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Attributed to Dawlat

Shah-Jahan hunting lions at Burhanpur (July 1630) c. 1630 - 1640

Painting in opaque watercolour including metallic paints. | 35.1 x 22.8 cm (image) | RCIN

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  • Shah-Jahan hunting lions at Burhanpur in July 1630.

    This painting comes towards the end of the Padshahnamah volume alongside a text describing a hunt that took place in Bari in 1637. Details of the painting however are much closer to the account of a hunt that occurred in Burhanpur, north of the Deccan, in July 1630 when Shah-Jahan was in his late thirties and the three oldest Princes still in their early teens. Shikar (hunting) was one of the most popular pastimes in Hindustan but contemporary viewers of this image would have been aware that the hunting of lions and tigers was the prerogative of the Mughal Emperor and princes alone.

    The most common method of hunting was the Central Asian qamarghah (ringing-in) manner. This was a mammoth task in which thousands of beaters surrounded large areas of countryside and gradually herded the game inwards; this smaller area was then fenced off with a strong net and the animals trapped inside. Such a method was considered far less reckless than hunting without a net, and therefore a reflection of a good and stable ruler. Facing ferocious beasts at close quarters, the Emperor was nevertheless able to project an image of a bold and courageous leader. Such hunts were also used as training for the army and were often undertaken before military campaigns. The success of this specific hunt in Burhanpur was considered a ’favourable omen’ for Shah-Jahan’s forces in the ensuing Deccan campaign, whereas the escape of an animal would have signified ‘infinite evil to the state’.

    The structure of the painting immediately draws the viewer to the figure of the Emperor, who, from the back of an elephant, eyes the lion down the barrel of his long matchlock, balanced on the shoulder of his mahut. The tall net forms a physical and a metaphorical barrier between the imperial family and their attendants in the foreground. Dressed in various shades of khaki camouflage, the beaters, macebearers and officials form an animated gathering as they relax and chatter. On the left, two men wear European hats over their turbans. Towards the centre, a macebearer has wrapped his arm in strong leather. Presumably this is one of the men who, according to the text, gathered the lion cubs after the adults had been killed, apparently by allowing them to bite onto their left arms while they stunned them with the mace in their right.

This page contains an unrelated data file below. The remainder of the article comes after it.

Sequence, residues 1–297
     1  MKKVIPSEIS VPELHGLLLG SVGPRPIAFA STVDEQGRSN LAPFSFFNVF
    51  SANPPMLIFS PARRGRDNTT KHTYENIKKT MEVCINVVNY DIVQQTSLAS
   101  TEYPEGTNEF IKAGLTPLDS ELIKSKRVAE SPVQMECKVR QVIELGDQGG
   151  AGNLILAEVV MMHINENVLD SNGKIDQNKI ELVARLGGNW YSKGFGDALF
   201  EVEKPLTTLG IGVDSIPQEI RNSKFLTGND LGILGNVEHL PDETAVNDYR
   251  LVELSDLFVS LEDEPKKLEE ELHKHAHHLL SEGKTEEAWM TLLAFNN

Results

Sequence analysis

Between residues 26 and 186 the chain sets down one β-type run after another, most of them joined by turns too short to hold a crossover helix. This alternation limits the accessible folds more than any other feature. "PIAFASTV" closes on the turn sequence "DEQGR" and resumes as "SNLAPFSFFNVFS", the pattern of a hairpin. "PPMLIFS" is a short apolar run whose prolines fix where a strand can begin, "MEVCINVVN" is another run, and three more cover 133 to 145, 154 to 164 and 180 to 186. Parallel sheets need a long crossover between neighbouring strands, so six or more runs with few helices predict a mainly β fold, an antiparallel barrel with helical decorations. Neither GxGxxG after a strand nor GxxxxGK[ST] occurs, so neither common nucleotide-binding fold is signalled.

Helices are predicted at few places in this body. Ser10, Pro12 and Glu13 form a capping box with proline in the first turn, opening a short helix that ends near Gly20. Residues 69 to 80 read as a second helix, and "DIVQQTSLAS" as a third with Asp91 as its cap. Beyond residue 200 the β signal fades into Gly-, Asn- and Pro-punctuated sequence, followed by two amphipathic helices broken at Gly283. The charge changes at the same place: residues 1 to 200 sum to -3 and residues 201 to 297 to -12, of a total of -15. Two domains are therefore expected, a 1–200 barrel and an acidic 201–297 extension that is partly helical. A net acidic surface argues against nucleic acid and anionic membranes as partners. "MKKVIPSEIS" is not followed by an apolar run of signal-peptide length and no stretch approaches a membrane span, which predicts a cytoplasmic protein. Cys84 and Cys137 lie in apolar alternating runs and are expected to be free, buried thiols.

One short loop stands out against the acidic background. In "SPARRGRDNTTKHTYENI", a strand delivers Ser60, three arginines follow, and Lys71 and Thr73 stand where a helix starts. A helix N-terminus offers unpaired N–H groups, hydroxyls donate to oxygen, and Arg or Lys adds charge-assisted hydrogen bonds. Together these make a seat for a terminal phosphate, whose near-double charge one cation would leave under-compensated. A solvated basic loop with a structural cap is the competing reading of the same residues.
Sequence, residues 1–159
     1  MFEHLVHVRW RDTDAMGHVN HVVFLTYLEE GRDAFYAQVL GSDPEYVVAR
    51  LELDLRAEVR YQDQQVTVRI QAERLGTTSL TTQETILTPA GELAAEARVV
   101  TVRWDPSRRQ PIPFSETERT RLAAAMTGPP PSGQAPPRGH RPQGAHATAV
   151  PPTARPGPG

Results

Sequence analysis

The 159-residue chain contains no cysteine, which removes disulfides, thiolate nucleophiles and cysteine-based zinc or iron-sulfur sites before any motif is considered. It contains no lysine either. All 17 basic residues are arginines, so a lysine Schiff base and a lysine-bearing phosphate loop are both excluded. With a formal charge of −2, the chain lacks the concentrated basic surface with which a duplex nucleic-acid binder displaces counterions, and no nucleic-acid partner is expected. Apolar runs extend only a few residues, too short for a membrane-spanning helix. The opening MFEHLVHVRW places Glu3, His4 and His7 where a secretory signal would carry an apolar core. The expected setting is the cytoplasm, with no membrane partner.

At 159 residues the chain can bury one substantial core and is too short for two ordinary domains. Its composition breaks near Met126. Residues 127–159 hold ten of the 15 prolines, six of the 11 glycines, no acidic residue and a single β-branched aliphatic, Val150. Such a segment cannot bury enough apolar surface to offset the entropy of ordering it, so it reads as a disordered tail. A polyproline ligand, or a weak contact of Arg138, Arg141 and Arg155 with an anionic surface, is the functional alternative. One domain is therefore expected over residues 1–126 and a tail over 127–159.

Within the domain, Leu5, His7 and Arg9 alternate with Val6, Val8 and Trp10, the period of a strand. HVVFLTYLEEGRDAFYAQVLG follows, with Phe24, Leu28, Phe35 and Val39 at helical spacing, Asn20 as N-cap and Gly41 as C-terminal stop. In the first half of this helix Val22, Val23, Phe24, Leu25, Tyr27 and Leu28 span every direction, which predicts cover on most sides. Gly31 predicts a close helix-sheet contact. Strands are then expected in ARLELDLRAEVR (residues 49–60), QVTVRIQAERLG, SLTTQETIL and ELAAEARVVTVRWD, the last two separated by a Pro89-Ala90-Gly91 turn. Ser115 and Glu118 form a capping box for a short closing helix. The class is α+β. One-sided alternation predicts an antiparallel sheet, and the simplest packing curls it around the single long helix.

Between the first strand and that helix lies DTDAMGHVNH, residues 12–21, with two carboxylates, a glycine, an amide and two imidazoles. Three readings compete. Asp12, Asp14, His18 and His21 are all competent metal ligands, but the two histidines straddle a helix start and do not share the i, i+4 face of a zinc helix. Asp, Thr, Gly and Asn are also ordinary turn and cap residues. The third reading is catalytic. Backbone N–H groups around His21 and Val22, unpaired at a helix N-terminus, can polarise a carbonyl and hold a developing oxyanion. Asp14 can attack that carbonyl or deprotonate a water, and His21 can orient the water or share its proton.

The painter has created a swampy landscape, not unlike those of contemporary Flemish and Dutch artists, inhabited by pairs of tiny animals and birds with a town in the distance as the colours fade to blue.

    Milo Beach and Ebba Koch, King of the world : the Padshahnama, an imperial Mughal manuscript from the Royal Library, Windsor Castle, 1996
    Saqib Baburi, Beyond the Akbarnamah: Padshahnamahs and Official Regnal Chronography for Shah-Jahan Padshah (r. 1037/1628-1068/1658), 2010.


    Illustration from a Padshahnamah manuscript formerly in the Mughal imperial library and acquired by Asaf al-Dawlah, Nawab of Awadh, c.1780-90; presented by Saadat Ali Khan, Nawab of Awadh, to George III via Lord Teignmouth in June 1799.

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    Attributed to (illustrator)
  • Medium and techniques

    Painting in opaque watercolour including metallic paints.


    35.1 x 22.8 cm (image)

    58.1 x 36.6 cm (page dimensions)

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